Effects of Fluency Training on Second Grade Students' Reading Comprehension

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Journal/Book Title/Conference

The Journal of Educational Research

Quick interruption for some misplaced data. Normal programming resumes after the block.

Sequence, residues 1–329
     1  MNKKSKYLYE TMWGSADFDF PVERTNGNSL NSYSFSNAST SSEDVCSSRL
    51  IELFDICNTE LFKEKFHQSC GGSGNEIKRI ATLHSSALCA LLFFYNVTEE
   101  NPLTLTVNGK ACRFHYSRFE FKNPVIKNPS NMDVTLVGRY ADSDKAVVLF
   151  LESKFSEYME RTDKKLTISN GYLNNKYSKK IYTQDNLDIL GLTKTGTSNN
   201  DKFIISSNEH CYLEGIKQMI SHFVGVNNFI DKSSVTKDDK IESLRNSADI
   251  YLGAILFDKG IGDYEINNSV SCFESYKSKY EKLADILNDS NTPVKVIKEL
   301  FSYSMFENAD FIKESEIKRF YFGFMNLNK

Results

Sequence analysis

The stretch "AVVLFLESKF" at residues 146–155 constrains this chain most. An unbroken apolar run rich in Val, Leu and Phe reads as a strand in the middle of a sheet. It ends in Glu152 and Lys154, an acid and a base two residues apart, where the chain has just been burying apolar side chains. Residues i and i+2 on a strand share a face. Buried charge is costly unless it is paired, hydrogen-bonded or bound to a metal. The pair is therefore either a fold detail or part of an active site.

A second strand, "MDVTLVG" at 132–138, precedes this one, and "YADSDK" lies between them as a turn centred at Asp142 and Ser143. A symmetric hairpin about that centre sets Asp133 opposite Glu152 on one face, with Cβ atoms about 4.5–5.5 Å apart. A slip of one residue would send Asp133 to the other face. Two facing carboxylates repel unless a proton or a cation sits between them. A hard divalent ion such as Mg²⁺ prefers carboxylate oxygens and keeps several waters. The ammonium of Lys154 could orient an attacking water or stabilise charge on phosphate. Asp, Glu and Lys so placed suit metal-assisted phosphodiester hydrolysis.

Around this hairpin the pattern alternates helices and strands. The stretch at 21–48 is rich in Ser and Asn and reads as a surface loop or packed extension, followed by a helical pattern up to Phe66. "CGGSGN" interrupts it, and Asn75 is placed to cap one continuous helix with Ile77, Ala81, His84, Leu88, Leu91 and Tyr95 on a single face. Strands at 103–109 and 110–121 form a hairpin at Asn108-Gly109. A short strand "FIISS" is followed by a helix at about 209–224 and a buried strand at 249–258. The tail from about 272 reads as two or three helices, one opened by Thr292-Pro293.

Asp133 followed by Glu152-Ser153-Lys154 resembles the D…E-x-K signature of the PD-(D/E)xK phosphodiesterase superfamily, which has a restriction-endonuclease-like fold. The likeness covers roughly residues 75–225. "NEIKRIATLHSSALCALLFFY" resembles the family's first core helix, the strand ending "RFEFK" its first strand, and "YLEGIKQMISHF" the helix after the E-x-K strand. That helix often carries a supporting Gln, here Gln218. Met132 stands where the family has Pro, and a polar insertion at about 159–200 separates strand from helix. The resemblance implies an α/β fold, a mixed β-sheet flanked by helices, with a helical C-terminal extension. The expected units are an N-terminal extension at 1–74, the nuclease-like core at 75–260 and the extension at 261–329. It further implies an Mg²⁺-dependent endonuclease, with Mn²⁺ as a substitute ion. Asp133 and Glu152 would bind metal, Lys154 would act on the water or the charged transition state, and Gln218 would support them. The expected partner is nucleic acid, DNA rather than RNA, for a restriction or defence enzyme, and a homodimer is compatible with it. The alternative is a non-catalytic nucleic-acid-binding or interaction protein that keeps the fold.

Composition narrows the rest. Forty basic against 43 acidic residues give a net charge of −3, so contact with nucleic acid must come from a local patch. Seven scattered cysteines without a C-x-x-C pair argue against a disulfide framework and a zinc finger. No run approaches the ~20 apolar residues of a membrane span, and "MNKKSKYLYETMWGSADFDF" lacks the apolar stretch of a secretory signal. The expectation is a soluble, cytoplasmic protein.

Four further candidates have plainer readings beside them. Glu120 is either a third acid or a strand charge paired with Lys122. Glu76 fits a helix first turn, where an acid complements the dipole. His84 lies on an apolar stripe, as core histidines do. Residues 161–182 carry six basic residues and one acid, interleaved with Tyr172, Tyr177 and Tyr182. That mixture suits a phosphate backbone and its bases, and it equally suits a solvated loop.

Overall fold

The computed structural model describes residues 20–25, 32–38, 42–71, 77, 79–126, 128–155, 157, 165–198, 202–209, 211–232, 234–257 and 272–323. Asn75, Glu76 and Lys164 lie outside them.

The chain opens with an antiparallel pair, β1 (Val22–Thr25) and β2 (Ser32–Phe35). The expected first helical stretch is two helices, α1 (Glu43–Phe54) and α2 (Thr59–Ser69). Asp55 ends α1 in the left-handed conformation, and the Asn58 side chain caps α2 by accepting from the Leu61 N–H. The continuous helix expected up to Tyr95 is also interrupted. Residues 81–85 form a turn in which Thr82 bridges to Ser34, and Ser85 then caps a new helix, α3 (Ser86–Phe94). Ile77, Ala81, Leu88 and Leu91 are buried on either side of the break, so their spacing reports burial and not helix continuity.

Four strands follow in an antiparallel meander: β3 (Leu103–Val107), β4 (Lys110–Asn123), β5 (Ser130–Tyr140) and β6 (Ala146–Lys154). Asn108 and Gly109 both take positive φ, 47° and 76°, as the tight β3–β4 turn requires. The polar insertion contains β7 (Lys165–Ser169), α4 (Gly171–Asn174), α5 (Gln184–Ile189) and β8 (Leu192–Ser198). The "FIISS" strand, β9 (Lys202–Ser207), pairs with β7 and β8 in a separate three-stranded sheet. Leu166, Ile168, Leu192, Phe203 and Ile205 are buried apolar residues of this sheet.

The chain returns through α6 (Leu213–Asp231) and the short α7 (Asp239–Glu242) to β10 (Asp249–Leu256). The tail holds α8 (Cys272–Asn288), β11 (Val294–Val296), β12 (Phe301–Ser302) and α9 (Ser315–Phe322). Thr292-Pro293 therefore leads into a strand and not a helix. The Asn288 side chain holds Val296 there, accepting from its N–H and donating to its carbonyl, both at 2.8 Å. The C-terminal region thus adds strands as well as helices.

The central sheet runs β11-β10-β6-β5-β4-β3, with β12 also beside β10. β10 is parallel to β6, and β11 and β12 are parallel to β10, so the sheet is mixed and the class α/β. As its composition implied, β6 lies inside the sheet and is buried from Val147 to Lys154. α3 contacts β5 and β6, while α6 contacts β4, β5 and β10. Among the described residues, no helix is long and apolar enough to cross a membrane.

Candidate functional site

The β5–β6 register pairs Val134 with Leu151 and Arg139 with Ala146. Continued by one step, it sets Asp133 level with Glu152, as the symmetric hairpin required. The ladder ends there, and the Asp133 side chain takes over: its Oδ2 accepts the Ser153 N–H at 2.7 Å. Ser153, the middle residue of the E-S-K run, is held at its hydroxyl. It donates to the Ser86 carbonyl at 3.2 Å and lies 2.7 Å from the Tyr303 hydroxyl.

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For years researchers have posited a strong relationship between developing students' reading fluency and concurrent improvements in reading comprehension. Although moderate-to-strong correlations between developing reading fluency and improved reading comprehension have recently been reported, no study has shown that direct training of students' reading fluency would result in improved reading comprehension ability. This study assessed the effects of developing second-grade students' oral reading fluency using the oral recitation lesson (ORL) and the effects that fluency training may have upon students' resulting reading comprehension. Subjects were randomly assigned to treatment groups, and instructional treatments were used for a full semester. At the conclusion of the study, second-grade subjects' fluency and comprehension in the ORL group and the round robin (RR) reading control group were compared. Results showed statistically different levels of fluency as measured by errors per minute (EPM) and statistically different levels of reading comprehension on three of four comprehension measures favoring the ORL treatment group over traditional RR reading. These results provide tentative evidence for a causal effect of fluency training upon students' reading comprehension as well as an argument against the use of a RR reading approach for developing either fluency or comprehension.